Why Are Workers' Compensation Firefighter Cases Different?

Firefighter work injuries are different than regular workers' compensation cases. Most full time firefighter personnel get CalPERS retirement. Workers' compensation injuries can impact a person's ability to work, and this can raise retirement issues.

Regular workers' compensation benefits may not be the only consideration in a cases involving a firefighters.

- Jason Wells, Attorney At Law

Full Salary in Lieu of Temporary Disability

Based on Labor Code 4850, city and county firefighters who are employed full-time are entitled to leave of absence benefits while disabled without a loss of salary in lieu of temporary disability payments. That is, the employees are paid their full salary following an industrial injury, rather than the two-thirds paid for temporary disability. The benefits are paid for a period not exceeding one year. If the disability continues beyond one year, regular temporary disability is paid out as normal for the remainder of the disability

Industrial Disability Retirement (IDR)

Industrial Disability Retirement (IDR) is a benefit available to firefighter employees (whose essential job functions are considered safety) who are medically eligible for retirement because of a work related injury.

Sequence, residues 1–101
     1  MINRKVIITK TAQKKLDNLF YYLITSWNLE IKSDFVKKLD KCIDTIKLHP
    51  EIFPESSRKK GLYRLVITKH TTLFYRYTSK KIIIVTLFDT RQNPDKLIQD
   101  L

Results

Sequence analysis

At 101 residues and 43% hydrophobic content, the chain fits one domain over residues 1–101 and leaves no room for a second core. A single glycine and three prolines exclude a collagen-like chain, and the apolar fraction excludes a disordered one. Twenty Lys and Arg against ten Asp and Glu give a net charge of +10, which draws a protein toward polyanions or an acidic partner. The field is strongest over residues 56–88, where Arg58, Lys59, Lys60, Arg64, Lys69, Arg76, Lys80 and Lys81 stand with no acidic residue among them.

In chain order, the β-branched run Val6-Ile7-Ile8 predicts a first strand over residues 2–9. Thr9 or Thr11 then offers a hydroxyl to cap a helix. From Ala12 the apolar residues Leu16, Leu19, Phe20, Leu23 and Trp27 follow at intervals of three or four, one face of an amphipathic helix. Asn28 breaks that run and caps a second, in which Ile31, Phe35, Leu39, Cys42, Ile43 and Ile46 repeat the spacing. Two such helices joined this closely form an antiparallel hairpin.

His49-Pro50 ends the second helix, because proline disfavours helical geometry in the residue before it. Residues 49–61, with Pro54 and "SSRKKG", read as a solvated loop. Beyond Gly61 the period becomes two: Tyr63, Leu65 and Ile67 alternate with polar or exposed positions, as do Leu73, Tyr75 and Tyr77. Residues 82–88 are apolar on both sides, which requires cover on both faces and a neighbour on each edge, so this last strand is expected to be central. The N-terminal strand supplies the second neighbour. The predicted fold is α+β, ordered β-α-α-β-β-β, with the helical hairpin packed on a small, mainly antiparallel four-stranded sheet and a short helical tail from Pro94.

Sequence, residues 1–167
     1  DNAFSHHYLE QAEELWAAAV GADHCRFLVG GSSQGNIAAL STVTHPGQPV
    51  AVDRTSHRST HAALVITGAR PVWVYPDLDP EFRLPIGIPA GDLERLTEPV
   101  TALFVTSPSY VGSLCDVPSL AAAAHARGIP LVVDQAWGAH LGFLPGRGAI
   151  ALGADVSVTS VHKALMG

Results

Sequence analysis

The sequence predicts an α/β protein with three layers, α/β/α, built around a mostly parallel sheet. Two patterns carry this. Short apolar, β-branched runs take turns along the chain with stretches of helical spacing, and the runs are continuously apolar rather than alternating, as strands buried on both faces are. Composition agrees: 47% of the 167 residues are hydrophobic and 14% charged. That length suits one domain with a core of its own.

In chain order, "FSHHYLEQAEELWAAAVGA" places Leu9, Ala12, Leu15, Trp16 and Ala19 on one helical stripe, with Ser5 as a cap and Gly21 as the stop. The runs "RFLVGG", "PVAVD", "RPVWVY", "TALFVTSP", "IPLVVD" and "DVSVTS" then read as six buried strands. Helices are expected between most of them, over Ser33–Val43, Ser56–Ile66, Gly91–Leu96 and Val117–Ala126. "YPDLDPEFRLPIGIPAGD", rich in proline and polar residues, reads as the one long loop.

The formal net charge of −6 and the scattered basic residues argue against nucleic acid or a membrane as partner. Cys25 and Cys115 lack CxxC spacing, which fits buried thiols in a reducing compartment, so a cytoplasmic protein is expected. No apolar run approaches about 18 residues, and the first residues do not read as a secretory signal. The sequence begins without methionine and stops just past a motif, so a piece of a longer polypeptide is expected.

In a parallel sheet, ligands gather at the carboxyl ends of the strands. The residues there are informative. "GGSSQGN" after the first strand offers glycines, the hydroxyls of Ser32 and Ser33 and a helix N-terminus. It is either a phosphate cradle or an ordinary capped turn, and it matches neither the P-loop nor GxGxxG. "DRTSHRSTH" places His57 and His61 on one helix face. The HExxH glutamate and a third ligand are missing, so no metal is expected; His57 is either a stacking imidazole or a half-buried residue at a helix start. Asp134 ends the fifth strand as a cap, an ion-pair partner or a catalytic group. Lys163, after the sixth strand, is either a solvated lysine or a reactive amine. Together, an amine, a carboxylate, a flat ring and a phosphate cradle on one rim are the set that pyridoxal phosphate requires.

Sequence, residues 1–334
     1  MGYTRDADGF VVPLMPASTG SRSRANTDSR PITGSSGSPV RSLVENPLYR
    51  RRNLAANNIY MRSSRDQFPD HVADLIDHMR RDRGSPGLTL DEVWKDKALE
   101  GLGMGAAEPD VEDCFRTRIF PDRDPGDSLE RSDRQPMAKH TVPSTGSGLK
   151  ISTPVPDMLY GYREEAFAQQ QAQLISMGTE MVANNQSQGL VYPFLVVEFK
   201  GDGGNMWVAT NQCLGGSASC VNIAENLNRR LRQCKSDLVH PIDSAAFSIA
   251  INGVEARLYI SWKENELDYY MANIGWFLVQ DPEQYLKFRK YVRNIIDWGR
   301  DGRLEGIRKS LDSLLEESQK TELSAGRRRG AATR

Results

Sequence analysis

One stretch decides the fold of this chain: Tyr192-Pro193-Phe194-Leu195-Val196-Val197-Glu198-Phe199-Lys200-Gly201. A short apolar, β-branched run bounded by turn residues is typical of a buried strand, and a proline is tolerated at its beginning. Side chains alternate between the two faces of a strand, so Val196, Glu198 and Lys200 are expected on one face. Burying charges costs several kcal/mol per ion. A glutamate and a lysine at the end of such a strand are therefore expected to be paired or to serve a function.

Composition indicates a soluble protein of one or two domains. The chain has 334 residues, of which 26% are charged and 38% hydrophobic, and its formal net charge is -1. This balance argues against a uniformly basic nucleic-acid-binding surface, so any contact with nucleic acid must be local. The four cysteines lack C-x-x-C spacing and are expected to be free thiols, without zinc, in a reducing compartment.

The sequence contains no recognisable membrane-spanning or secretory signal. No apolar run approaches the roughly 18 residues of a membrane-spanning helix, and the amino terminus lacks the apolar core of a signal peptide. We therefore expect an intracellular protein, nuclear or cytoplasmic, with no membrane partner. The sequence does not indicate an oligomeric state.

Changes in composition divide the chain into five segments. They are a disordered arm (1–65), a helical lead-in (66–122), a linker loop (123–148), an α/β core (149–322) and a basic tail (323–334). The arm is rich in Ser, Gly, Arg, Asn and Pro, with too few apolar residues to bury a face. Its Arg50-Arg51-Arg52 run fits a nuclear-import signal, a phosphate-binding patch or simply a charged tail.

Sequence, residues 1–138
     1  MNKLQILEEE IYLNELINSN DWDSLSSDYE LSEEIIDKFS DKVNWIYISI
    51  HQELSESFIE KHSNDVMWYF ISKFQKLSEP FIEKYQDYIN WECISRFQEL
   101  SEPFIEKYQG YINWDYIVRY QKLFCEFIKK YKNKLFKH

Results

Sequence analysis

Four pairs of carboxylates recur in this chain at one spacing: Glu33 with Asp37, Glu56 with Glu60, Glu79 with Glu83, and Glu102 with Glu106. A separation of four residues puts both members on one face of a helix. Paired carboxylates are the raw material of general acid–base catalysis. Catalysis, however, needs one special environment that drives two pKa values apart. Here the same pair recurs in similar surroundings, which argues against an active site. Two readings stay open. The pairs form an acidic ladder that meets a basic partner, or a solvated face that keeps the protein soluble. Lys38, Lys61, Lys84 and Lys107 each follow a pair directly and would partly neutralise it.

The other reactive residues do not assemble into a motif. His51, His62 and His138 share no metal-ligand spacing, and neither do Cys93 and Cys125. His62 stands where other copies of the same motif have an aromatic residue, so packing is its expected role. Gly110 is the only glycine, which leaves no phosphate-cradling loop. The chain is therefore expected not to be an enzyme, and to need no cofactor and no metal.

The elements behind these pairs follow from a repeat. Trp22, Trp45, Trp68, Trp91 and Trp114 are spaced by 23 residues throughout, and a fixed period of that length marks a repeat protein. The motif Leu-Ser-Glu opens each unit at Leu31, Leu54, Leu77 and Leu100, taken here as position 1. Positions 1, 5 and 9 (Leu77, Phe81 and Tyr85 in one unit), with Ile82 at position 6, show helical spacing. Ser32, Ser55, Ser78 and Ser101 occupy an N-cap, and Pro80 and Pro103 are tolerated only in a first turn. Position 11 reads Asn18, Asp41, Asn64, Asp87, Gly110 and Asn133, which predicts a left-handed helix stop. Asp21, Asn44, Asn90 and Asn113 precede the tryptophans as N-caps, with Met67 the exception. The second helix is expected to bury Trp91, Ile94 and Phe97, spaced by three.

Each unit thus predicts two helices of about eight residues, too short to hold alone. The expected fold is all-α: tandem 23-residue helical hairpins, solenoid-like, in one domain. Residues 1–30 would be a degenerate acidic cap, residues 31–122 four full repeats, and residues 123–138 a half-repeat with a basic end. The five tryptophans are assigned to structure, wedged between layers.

Essential Job Functions

Understanding firefighter employees' job essential functions can be critical to multitude of issues both in the workers' compensation system and other benefits provided by CalPERS. In safety cases, having an understanding of your essential job duties or your HR departments' job description on your safety position can be a critical part of handling multiple issues in your case. We recommend you obtain a job description from your HR department and review it to ensure that it accurately reflects your job duties; then provide a copy to your physician who is to assess your ability to do the job.

Injury Presumptions

City and county firefighters with injuries involving heart, pneumonia, tuberculosis, meningitis, blood borne illness, cancer, MRSA, and biochemical exposure are given special consideration by workers' compensation courts.

The heart presumption is a critical one to understand, because heart conditions often go undetected. Our recommendation is that before any corrections employee leaves their job either through change in circumstance or retirement, they have their doctor schedule an echocardiogram (EKG) and EBCT Heart Scan to make sure the heart is functioning properly, especially if the employee has had a history of hypertensive disease. If not, the heart presumption can help get you workers' compensation benefits if there is undetected symptoms.